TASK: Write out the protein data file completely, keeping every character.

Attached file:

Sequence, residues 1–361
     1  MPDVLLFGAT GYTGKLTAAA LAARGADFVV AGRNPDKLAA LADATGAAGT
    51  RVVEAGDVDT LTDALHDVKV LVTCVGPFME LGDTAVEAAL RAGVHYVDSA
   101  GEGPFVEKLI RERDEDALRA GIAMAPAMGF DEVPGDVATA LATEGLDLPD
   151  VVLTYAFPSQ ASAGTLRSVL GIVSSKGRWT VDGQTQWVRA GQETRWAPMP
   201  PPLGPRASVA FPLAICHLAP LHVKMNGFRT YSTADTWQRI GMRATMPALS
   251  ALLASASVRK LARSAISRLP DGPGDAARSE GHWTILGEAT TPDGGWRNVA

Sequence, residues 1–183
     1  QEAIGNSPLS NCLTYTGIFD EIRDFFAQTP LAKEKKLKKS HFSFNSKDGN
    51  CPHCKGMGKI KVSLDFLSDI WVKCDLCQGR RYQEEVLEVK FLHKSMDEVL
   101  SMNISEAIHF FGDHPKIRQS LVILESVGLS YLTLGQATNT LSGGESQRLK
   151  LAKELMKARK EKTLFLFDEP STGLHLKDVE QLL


Sequence, residues 1–361
     1  MPDVLLFGAT GYTGKLTAAA LAARGADFVV AGRNPDKLAA LADATGAAGT
    51  RVVEAGDVDT LTDALHDVKV LVTCVGPFME LGDTAVEAAL RAGVHYVDSA
   101  GEGPFVEKLI RERDEDALRA GIAMAPAMGF DEVPGDVATA LATEGLDLPD
   151  VVLTYAFPSQ ASAGTLRSVL GIVSSKGRWT VDGQTQWVRA GQETRWAPMP
   201  PPLGPRASVA FPLAICHLAP LHVKMNGFRT YSTADTWQRI GMRATMPALS
   251  ALLASASVRK LARSAISRLP DGPGDAARSE GHWTILGEAT TPDGGWRNVA

Sequence, residues 1–183
     1  QEAIGNSPLS NCLTYTGIFD EIRDFFAQTP LAKEKKLKKS HFSFNSKDGN
    51  CPHCKGMGKI KVSLDFLSDI WVKCDLCQGR RYQEEVLEVK FLHKSMDEVL
   101  SMNISEAIHF FGDHPKIRQS LVILESVGLS YLTLGQATNT LSGGESQRLK
   151  LAKELMKARK EKTLFLFDEP STGLHLKDVE QLL